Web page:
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#1 LowWaterMark  Icon User is offline

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printf vs puts

Post icon  Posted 12 August 2008 - 05:03 AM

This is a C language question. Regarding the printing and retrieval of strings, I'm confused as to what situation is appropriate for the function pair:

printf()
scanf()

as opposed to:
puts()
gets()

This post has been edited by LowWaterMatk: 12 August 2008 - 05:06 AM

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Replies To: printf vs puts

#2 joske  Icon User is offline

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Re: printf vs puts

Posted 12 August 2008 - 07:11 AM

puts: outputs a string (and automatically add a line feed character)
printf: outputs formatted data.

fets: Reads characters from input and stores them into a string until a newline character ('\n') or '\0' is reached.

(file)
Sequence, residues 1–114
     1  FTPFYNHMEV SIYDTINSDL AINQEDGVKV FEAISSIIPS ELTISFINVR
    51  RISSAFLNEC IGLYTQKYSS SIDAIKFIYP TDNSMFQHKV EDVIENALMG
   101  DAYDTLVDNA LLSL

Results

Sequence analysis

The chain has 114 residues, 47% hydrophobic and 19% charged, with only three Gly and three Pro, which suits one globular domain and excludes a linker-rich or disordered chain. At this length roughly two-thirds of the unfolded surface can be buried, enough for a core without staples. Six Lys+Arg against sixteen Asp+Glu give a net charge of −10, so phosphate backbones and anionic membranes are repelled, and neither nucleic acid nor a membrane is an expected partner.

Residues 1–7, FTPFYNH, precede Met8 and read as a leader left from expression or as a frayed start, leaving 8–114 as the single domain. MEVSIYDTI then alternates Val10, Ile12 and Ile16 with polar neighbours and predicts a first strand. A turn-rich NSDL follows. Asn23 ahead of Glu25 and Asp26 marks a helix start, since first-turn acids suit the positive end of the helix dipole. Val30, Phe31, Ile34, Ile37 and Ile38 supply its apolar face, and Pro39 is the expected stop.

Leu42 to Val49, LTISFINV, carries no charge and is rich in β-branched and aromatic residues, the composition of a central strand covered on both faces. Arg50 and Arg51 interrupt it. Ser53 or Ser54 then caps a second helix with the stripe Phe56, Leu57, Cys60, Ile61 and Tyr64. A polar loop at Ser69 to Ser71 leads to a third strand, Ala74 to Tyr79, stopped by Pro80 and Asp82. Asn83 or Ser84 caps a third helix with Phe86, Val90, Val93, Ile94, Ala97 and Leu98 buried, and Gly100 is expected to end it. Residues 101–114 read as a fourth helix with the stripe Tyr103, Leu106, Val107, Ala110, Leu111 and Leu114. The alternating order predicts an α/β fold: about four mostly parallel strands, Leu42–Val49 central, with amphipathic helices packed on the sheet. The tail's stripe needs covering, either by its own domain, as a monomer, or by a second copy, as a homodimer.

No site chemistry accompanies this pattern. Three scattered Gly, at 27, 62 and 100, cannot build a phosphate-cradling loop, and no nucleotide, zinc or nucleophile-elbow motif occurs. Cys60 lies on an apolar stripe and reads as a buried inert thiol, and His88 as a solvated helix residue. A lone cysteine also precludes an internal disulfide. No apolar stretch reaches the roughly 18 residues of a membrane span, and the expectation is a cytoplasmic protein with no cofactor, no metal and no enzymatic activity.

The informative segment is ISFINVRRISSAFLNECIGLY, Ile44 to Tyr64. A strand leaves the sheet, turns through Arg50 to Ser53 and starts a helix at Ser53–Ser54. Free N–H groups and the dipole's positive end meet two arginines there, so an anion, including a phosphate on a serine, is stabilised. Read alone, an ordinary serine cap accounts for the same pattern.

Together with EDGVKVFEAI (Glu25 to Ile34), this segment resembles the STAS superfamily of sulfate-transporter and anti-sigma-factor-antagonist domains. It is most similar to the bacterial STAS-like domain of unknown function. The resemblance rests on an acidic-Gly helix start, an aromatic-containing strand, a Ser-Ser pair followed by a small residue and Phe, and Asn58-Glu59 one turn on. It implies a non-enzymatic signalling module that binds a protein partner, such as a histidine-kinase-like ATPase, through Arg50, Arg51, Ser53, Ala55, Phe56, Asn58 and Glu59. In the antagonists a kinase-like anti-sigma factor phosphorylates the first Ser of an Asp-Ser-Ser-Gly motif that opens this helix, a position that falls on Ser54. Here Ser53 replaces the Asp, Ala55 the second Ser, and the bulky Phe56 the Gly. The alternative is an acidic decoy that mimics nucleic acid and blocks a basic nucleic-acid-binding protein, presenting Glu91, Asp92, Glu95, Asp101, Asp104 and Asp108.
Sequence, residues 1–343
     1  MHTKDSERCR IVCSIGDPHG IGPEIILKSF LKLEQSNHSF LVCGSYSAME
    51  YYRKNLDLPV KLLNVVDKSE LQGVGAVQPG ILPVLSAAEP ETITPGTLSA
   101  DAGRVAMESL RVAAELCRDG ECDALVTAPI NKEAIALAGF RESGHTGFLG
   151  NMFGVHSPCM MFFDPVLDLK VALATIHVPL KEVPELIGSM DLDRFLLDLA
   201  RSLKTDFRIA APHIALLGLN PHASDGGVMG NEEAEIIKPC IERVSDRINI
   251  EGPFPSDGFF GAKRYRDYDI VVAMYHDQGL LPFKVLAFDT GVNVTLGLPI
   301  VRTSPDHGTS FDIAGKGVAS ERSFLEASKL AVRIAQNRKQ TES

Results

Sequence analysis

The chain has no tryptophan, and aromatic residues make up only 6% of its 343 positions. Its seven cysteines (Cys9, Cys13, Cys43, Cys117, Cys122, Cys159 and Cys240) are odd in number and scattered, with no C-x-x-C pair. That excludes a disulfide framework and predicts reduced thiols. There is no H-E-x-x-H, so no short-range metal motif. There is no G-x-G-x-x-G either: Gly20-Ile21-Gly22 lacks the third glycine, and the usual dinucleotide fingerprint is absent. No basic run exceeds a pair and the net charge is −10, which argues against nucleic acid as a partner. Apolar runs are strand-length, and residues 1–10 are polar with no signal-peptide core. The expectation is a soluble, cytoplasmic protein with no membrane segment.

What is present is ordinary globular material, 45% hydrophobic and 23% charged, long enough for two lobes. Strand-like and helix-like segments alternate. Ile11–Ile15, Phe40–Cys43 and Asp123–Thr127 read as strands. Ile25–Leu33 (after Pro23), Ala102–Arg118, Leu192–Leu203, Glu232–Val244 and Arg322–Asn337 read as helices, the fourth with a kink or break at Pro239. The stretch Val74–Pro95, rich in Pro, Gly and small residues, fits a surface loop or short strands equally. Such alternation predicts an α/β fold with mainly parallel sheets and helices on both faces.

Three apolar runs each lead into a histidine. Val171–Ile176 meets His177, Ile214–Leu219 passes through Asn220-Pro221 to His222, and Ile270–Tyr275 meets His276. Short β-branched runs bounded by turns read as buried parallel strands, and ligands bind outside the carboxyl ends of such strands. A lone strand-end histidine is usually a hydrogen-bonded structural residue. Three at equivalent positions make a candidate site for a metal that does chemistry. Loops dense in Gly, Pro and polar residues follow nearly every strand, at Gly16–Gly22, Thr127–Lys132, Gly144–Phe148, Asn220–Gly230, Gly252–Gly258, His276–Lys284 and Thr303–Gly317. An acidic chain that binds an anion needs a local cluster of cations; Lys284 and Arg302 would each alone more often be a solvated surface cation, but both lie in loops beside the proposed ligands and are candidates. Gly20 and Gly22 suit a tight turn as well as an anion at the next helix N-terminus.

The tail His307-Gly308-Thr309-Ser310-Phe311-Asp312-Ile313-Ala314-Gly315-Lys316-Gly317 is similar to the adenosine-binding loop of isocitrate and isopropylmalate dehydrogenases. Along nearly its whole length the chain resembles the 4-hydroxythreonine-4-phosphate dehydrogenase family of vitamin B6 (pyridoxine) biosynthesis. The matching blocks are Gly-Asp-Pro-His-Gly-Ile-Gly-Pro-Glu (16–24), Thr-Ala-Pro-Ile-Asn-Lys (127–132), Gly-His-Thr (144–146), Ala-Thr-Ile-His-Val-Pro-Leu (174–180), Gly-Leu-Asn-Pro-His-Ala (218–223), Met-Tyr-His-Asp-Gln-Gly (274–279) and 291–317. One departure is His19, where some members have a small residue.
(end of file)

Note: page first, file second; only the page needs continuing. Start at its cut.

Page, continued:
scanf: Reads formatted data from the input (can be a string, float, integer, or whatever).

So, gets and puts are for basic reading and writing of strings, and scanf and printf are more advanced and can read/write formatted data.
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#3 Tom9729  Icon User is offline

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Re: printf vs puts

Posted 12 August 2008 - 07:39 AM

puts() is great for quick debug messages but it has a few limitations, mainly that you can't specify variables to print and it always adds a newline.

I don't use the other functions so I couldn't tell you how they work. :)

Edit:
int a = 5, b = 6;

// this will print:
// a=5, b=6
printf("a=%d, b=%d\n", a, b );

// this will print:
// hello!
puts("hello!");


This post has been edited by Tom9729: 12 August 2008 - 07:42 AM

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#4 LowWaterMark  Icon User is offline

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Re: printf vs puts

Posted 12 August 2008 - 10:17 AM

Got it! Thanks people.

Analogous to defining the int vs the float number variable, the sole advantage of the puts() and gets() functions is their economy of size. Yes? Like defining int if you can get away with it. "Save a penny, earn a penny", as my grandmother used to say.
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#5 Tom9729  Icon User is offline

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Re: printf vs puts

Posted 12 August 2008 - 10:26 AM